In Wrath Remember Mercy: Not Self-Esteem, Know Self (Habakkuk)

In Wrath Remember Mercy: Not Self-Esteem, Know Self (Habakkuk) July 16, 2019

LORD, I have heard the report of you,  and your work, O LORD, do I fear. In the midst of the years revive it; in the midst of the years make it known; in wrath remember mercy.

The prophet heard what the LORD was doing and was afraid. God was coming to Judah and God was mad.*

God is a just God and that should make any of us fearful. God is a merciful God and that gives hope.

Sometimes people blame Christianity for bad view of self and toxic, power-tripping forms of the Faith do exist.The central problem for our self-esteem and Christianity is not the result of misuse of the faith, nor is it even unique to Christianity, it is self-knowledge. Philosophy agrees: the unexamined life is not worth living.

Examining our life helps us see good in us, but also the not-so-good.

Socrates told us to live the examined life and if we examine ourselves, every human finds that his “is” is not what it “ought to be.” We fall short. This is a blow to self-esteem and so philosophy often has been attacked as making us unhappy. This led to the old question of whether it wasn’t, in the end, better to be a content pig than a discontented Socrates.

Whatever the good of the pig life, we do not have that option. We are human and so we must think and if we think, we should think truthfully, rigorously, about everything. That everything will include self, because self is the one topic we cannot (sadly!) escape.

Ever.

Thinking hard is hard on our pride. We think: “I am not so bad. I am no Stalin and certainly no Hitler.” This is not only true, but a very good thing indeed. Our good traits are also real: we are created in the very image of God. Nobody is so bad that there is nothing good to say of them, though in the case of Hitler and Stalin, nobody should try. We should know the good we have done and take good cheer from those deeds.

Yet the examined life refuses to stop at the surface. Socrates has insisted we know ourselves. If we look at the cosmos, we see the interconnections. If we look at the city, we see the relationships. The older we get the more we see how the one offhand, cruel comment could have stung for years and the bad deed could have bad consequences that go on having consequences. Nobody is righteous, no, not one.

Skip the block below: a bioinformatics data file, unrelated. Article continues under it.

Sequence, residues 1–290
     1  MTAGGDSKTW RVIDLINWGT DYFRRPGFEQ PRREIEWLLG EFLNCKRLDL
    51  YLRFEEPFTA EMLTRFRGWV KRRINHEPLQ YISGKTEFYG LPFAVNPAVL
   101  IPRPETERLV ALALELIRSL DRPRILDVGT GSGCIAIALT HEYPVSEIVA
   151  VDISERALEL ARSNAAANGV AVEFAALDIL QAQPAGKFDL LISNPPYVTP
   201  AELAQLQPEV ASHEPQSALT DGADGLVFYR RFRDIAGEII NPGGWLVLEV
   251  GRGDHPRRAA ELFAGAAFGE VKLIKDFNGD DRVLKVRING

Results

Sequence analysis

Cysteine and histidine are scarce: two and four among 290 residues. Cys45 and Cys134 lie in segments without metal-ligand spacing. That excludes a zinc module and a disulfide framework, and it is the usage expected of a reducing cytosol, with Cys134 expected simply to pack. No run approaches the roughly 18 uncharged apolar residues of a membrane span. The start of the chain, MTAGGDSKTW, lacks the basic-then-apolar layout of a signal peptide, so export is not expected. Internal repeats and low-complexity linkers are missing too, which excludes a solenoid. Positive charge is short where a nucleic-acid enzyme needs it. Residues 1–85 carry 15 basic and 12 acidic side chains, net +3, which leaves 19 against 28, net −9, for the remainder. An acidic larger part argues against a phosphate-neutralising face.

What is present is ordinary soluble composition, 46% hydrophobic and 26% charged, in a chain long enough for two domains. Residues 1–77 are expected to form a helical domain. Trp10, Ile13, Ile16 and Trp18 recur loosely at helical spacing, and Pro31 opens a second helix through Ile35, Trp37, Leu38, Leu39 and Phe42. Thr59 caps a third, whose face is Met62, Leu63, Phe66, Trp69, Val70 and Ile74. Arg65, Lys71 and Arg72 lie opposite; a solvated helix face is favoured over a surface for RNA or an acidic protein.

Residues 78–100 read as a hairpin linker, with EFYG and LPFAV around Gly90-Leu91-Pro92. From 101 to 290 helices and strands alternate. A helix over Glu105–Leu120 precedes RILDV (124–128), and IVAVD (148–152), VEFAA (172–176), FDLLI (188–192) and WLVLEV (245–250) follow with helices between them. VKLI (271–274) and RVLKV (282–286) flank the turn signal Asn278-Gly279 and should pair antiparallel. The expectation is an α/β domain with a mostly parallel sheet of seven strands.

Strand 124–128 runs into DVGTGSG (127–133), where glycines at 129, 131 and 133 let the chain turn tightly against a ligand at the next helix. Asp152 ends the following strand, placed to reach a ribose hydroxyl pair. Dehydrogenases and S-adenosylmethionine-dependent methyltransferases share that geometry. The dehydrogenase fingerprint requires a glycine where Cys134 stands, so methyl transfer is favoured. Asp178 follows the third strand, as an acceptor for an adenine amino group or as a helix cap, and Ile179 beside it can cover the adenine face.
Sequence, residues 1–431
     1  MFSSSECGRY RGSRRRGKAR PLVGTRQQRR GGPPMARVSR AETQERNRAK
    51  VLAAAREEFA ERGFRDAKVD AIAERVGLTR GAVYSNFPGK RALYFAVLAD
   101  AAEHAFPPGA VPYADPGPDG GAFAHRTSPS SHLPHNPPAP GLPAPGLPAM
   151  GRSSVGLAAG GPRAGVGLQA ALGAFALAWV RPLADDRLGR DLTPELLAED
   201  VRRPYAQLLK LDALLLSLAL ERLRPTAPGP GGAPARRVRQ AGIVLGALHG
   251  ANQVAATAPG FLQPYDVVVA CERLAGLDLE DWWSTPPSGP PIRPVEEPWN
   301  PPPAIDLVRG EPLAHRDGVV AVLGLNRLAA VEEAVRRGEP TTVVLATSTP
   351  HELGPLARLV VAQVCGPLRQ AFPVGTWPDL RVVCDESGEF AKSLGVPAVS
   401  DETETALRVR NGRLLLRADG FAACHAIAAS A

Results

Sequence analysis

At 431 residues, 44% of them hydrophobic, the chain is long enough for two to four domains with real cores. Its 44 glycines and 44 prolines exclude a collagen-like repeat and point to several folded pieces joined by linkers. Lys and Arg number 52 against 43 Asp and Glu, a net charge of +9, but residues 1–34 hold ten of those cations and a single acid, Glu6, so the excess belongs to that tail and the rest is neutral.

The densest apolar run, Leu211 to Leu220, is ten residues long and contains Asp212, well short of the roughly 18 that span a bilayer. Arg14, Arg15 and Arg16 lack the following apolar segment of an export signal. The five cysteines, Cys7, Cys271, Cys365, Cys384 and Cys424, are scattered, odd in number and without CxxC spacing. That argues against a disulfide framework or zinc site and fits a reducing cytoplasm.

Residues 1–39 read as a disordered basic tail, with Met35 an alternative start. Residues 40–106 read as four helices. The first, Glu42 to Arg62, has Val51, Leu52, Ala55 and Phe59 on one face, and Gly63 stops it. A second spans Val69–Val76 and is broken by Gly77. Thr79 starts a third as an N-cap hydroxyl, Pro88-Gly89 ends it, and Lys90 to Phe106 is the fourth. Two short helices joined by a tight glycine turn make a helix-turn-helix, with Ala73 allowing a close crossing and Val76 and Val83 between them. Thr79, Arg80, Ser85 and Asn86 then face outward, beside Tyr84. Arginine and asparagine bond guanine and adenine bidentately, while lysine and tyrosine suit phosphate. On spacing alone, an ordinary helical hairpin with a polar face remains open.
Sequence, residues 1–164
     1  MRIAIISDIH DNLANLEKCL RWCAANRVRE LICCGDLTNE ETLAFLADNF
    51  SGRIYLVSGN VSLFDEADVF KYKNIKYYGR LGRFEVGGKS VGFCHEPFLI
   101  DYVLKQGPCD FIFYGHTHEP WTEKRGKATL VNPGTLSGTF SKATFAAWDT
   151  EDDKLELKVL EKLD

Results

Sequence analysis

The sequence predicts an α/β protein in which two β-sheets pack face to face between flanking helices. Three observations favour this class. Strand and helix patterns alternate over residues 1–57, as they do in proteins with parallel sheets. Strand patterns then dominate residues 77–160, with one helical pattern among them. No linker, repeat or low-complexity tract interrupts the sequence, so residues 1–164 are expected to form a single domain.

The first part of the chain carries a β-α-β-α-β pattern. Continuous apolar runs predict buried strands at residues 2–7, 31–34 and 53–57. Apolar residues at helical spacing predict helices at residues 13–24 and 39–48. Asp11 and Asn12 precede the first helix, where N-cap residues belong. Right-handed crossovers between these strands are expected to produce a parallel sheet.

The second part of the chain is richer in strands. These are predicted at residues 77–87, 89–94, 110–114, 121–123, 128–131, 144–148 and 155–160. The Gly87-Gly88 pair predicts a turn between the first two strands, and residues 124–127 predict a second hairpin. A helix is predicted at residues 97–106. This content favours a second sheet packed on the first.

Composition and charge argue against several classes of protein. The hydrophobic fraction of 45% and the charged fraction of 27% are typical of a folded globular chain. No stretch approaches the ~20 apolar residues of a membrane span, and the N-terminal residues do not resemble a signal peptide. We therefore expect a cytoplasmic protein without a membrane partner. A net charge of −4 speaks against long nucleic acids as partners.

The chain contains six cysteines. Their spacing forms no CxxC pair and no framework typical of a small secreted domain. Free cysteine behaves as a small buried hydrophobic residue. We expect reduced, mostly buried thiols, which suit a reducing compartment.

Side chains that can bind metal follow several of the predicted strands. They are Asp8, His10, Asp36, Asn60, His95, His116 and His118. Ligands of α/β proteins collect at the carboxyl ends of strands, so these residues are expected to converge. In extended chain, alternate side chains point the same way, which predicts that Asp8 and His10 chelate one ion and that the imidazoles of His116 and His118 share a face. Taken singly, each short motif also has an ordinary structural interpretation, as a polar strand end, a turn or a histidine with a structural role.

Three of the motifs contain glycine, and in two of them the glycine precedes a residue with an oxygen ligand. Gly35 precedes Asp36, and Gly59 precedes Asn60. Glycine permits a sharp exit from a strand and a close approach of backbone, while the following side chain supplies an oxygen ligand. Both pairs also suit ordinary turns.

This is the equality that comes with knowing self: we begin to know ourselves and the good is very good and must be acknowledged, but so is the harm done. There is a democracy of hope and despair when many of us realize that (at best) the small goods we have done may (we pray) outweigh the evils done. We are not Hitler, but we are also not William Wilberforce, giving his life to end slavery. If we were William Wilberforce, we would find that he knew that he was no William Wilberforce, if that means an uncomplicated hero.

Self-esteem tries being “realistic,” but this is not enough. Our little injustices are bad enough. God is perfectly just.* We could, perhaps, deny God exists or turn God into a jolly Santa who never takes on injustice, but that will not help us. Why? Justice is. We are not just. Against that iron and perfect standard there is no appeal. If there is no personal God, then perhaps justice is not coming, but justice still is.

The examined life teaches us our shortcomings from that perfect standard of justice. If God does exist and God does not wish perfect justice, then such a God is not worthy of a person’s worship. Justice must be maintained.

Yet we crave mercy. We need mercy. Mercy is what allows life in a broken world or even an unbroken world where “mistakes are made.”

Mercy.

Mercy acknowledges justice, but allows for life. Mercy grants a chance (where mercy can***) without ever minimizing pain. Habakkuk saw that the continuation of human life meant that God was both just and merciful. God’s perfection allowed us to grow, to repent, to return to Him.

No wonder the prophet had hope in unjust times for justice (yes!) and mercy.

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*We speak of God as having passions like our own, but just as God does not have a literal arm or eye (the “arm of the Lord” or the “eyes of the Lord” in Scripture), so God’s passions are our best images of what God is like.

**I am leaving aside some of us who have messed up badly and are in much need of mercy!

***This is not to say punishment is always bad. To cite an extreme example, we had to stop Hitler, even with a bullet. God, of course, knows perfectly who is really sorry and who is just looking to continue his grift.


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